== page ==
Handbook of Risk and Crisis Communication [NOOK Book]


This handbook features a line of analysis that connects crisis, risk, and public policy issues into a coherent fabric. Each chapter represents the best available research in these areas with insightful notions of where current research and best practices
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Handbook of Risk and Crisis Communication

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This handbook features a line of analysis that connects crisis, risk, and public policy issues into a coherent fabric. Each chapter represents the best available research in these areas with insightful notions of where current research and best practices
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Product Details

  • ISBN-13: 9780203891629
  • Publisher: Taylor & Francis, Inc.
  • Publication date: 9/15/2008
  • Sold by: Barnes & Noble
  • Format: eBook
  • Pages: 696
  • File size: 2 MB

Meet the Author

Robert L. Heath, Ph.D., is a retired professor of communication at the University of Houston. He has engaged in risk communication studies since the early 1990s, primarily related to the relationship between chemical manufacturing complexes and near neighbors. Dr. Heath's numerous publications include encyclopedia, handbooks, textbooks, edited volumes, and journal articles.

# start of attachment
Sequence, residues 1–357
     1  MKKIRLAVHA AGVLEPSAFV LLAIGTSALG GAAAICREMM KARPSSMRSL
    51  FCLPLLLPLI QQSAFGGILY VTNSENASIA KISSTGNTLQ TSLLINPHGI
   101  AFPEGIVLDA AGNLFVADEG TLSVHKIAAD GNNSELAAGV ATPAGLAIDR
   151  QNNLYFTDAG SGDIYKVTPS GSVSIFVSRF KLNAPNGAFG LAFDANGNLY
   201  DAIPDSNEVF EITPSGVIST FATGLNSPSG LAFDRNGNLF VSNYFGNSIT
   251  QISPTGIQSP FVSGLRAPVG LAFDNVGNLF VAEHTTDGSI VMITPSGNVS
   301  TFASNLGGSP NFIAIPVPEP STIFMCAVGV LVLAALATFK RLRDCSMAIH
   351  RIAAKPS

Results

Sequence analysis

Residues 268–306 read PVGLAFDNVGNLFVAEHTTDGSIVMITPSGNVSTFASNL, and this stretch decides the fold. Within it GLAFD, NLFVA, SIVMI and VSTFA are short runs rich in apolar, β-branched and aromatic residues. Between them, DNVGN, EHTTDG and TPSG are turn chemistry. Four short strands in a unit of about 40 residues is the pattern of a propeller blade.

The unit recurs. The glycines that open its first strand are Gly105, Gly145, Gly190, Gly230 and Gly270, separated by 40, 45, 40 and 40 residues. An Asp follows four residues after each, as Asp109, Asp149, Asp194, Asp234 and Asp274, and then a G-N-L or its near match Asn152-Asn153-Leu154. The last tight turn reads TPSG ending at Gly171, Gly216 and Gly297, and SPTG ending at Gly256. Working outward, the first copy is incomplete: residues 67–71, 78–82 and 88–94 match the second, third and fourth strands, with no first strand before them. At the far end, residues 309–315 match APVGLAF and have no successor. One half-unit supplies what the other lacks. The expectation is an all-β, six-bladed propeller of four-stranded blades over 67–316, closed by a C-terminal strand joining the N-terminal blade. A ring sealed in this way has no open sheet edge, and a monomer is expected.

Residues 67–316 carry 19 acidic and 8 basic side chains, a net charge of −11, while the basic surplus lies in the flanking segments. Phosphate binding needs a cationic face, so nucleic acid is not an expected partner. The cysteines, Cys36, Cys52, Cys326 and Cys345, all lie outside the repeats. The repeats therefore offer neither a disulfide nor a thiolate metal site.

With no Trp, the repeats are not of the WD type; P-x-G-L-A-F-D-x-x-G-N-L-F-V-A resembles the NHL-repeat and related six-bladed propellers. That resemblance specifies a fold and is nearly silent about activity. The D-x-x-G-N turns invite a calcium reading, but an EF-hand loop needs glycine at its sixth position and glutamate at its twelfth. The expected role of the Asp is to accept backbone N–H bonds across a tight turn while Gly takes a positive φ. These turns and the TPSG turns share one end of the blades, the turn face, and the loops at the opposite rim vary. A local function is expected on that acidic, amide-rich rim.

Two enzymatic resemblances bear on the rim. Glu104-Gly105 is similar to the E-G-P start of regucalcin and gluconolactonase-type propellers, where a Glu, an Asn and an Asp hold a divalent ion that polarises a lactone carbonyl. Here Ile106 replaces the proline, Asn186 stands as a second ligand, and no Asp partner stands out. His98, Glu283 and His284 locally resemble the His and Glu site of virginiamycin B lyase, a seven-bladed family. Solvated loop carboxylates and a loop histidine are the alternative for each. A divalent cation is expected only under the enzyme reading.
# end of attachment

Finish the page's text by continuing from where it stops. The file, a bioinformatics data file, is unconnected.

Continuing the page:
H. Dan O’Hair, Ph.D., is professor of communication and Director of Advanced Programs in the Department of Communication at the University of Oklahoma. He is the immediate past editor of the Journal of Applied Communication Research, and has served as an associate editor for over a dozen scholarly journals. Dr. O’Hair has authored and co-authored research articles and scholarly book chapters in the fields of communication, health, medicine, and business.

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Table of Contents

Section I: Exploring the Reach of Crisis and Risk Communication

Chapter 1: The Significance of Risk and Crisis Communication-- Robert L. Heath & Dan O’Hair

Chapter 2: Historical Trends in Risk and Crisis Communication -- Michael J. Palenchar Chapter 3: Cultural Theory and Risk -- James Tansey and Steve Rayner

Chapter 4: Risk Communication: Insights and Requirements for Designing Successful Communication Programs on Health and Environmental Hazards -- Ortwin Renn

Chapter 5: Conceptualizing Crisis Communication -- W. Timothy Coombs

Chapter 6: The Precautionary Principle and Risk Communication -- Steve McGuire and Jaye Ellis

Section II: Key Constructs of Crisis and Risk Communication

Chapter 7: Strategies for Overcoming Challenges to Risk Communication -- Vincent Covello

Chapter 8: Risk Communication Education for Local Emergency Managers: Using the CAUSE Model for Research, Education, and Outreach -- Katherine E. Rowan, Carl H. Botan, Gary L. Kreps, Sergi Samoilenko, and Karen Farnsworth.

Chapter 9: Risk and Social Dramaturgy -- Ingar Palmlund

Chapter 10: Myths and Maxims of Risk and Crisis Communication -- Peter A. Anderson and Brian H. Spitzberg

Chapter 11: The Ecological Perspective and Other Ways to (Re)Consider Cultural Factors in Risk Communication -- Linda Aldoory